Jeff Danziger lives in New York City. He is represented by CWS Syndicate and the Washington Post Writers Group. He is the recipient of the Herblock Prize and the Thomas Nast (Landau) Prize. He served in the US Army in Vietnam and was awarded the Bronze Star and the Air Medal. He has published eleven books of cartoons and one novel. Visit him at DanzigerCartoons.
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By Michael Holden and Elizabeth Piper
LONDON (Reuters) -British Prime Minister Boris Johnson was clinging to power on Wednesday, gravely wounded by the resignation of ministers who said he was not fit to govern and with a growing number of lawmakers calling for him to go.
Johnson's finance and health secretaries quit on Tuesday, along with several in more junior roles, saying they could no longer stay in government after the latest in a series of scandals blighted his administration.
With mounting calls for Johnson to go, he showed his determination to stay in office by appointing businessman and education minister Nadhim Zahawi as his new finance minister, and filling some of the other vacancies.
Zahawi told reporters he would look at all options to rebuild and grow the struggling economy and tame surging inflation, when asked if he would cut taxes such as corporation tax.
The level of hostility Johnson faces within his party will be laid bare later on Wednesday when he appears in parliament for his weekly question session, and before the chairs of select committees for a scheduled two-hour grilling.
"I suspect we will have to drag him kicking and screaming from Downing Street," one Conservative lawmaker told Reuters, speaking on condition of anonymity. "But if we have to do it that way then we will."
Johnson, a former journalist and London mayor who became the face of Britain's departure from the European Union, won a landslide election victory in 2019 before taking a combative and often chaotic approach to governing.
His leadership has been mired in scandals and missteps over the last few months, with the prime minister fined by police for breaking COVID-19 lockdown laws and a damning report published about the behavior of officials at his Downing Street office who breached their own lockdown rules.
There have also been policy U-turns, an ill-fated defence of a lawmaker who broke lobbying rules, and criticism that he has not done enough to tackle a cost-of-living crisis, with many Britons struggling to cope with rising fuel and food prices.
The Times of London newspaper said Johnson's "serial dishonesty" was "utterly corrosive" of effective government.
"Every day that he remains deepens the sense of chaos," it said. "For the good of the country, he should go."
The latest bout of drama at the heart of British power comes as the economy deteriorates rapidly, with some economists warning that the country could tip into recession.
The latest scandal saw Johnson apologizing for appointing a lawmaker to a role involved in party welfare and discipline, even after being briefed that the politician had been the subject of complaints about sexual misconduct.
Downing Street's narrative changed several times over what the prime minister knew of the past behavior of that politician, who was forced to resign, and when he knew it.
That prompted Rishi Sunak to quit as chancellor of the exchequer - the finance minister - and Sajid Javid to resign as health secretary, while ten others left their junior ministerial or envoy roles.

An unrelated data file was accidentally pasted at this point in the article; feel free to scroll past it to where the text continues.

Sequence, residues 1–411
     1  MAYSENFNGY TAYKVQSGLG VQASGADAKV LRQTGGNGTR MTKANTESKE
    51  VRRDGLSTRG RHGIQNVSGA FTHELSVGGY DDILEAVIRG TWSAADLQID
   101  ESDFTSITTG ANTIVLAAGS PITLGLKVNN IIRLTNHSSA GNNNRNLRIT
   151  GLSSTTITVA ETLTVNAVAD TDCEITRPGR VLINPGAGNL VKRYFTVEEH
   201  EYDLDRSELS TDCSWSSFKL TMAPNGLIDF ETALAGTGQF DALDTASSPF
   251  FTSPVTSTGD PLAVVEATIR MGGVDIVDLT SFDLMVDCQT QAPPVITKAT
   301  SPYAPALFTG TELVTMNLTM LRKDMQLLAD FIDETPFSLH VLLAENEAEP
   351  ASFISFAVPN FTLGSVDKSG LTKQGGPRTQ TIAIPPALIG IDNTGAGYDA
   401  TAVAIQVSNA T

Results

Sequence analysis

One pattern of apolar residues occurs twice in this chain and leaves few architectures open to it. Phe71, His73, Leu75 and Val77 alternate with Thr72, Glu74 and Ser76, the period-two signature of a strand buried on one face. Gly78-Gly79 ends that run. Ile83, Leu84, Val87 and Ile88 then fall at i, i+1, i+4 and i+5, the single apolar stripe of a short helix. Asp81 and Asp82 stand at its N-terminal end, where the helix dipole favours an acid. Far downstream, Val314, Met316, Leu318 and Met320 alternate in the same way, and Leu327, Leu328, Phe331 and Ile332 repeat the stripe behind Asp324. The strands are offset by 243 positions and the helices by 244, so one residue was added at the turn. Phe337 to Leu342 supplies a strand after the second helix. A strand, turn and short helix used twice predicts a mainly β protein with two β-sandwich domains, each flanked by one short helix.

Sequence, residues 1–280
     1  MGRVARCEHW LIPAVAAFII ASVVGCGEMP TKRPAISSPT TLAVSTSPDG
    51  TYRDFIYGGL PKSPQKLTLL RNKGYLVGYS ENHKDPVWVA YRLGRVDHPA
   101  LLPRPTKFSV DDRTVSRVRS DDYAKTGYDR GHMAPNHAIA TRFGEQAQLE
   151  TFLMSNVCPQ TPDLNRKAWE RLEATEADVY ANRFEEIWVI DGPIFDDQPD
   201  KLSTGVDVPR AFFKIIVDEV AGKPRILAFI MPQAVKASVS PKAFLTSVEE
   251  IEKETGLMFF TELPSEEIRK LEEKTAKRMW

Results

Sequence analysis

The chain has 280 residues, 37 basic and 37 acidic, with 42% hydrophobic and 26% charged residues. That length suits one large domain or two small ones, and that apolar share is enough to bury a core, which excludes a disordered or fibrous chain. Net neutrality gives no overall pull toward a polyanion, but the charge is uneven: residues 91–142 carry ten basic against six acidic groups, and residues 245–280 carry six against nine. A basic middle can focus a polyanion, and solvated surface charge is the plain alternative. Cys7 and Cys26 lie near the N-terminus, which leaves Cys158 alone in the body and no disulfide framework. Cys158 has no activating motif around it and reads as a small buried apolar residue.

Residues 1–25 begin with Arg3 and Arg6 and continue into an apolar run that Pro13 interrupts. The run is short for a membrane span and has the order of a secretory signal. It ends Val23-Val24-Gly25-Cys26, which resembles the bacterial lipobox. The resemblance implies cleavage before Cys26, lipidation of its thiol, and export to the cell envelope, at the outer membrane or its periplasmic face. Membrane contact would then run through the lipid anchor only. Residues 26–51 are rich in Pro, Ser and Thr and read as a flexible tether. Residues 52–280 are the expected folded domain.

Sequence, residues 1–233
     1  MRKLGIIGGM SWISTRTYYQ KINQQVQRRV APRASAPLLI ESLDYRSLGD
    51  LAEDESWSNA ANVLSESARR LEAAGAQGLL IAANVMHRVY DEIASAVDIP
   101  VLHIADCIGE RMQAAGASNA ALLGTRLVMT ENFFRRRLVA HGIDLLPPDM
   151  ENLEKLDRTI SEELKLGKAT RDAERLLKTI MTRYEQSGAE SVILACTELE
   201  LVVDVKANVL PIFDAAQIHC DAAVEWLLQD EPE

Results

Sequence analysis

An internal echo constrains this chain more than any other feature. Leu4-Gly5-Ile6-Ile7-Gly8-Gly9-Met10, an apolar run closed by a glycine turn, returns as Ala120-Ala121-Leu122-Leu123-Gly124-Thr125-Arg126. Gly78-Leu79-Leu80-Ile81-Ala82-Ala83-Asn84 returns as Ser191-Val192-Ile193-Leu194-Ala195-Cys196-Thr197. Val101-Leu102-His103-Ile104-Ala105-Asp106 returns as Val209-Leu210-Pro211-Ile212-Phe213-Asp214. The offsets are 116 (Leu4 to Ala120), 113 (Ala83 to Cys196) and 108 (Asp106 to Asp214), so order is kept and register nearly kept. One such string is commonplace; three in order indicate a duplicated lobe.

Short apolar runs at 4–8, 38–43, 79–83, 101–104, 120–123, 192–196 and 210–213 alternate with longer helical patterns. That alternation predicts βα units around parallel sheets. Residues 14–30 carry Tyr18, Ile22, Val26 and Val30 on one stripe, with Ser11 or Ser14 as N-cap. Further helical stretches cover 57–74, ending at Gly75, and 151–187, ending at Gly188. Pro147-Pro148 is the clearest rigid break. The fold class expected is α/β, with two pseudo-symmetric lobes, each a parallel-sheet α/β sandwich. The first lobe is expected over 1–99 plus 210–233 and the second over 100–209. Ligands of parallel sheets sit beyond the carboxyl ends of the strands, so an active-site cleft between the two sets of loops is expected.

"It is clear to me that this situation will not change under your leadership - and you have therefore lost my confidence too," Javid said in his resignation letter.
Several of the ministers cited Johnson's lack of judgement, standards, and inability to tell the truth.
A snap YouGov poll found 69 percent of Britons thought Johnson should step down as prime minister but for the time being the remainder of his top ministerial team offered their backing.
"I fully support the prime minister," Scottish Secretary Alister Jack said. "I am sorry to see good colleagues resign, but we have a big job of work to do."
A month ago, Johnson survived a confidence vote of Conservative Party lawmakers, and party rules mean he cannot face another such challenge for a year.
However, some lawmakers are seeking to change those rules, while he is also under investigation by a parliamentary committee over whether he lied to parliament about COVID-19 lockdown breaches.
Nominations are expected to open on Wednesday for the executive of the so-called 1922 Committee that sets the rules for leadership confidence votes. Johnson critics hope to elect enough people to change the rules to allow another such vote before the 12-month grace period allows.
Were Johnson to go, the process to replace him could take a couple of months.
Only two-and-a-half years ago, the ebullient Johnson won a huge parliamentary majority on a promise to sort out Britain's exit from the European Union after years of bitter wrangling.
But since then, his initial handling of the pandemic was widely criticized and the government has lurched from one predicament to another.
Although Johnson won wider plaudits for his support of Ukraine, a lift in his personal poll ratings did not last. His Conservatives trail the opposition Labour Party and his own popularity ratings are at all-time lows.
Johnson's combative approach towards the European Union has also weighed on the pound, exacerbating inflation which is forecast to surpass 11 percent.
"After all the sleaze, the scandals and the failure, it's clear that this government is now collapsing," Labour leader Keir Starmer said.
(Writing by Michael Holden and Kate Holton, editing by Rosalba O'Brien)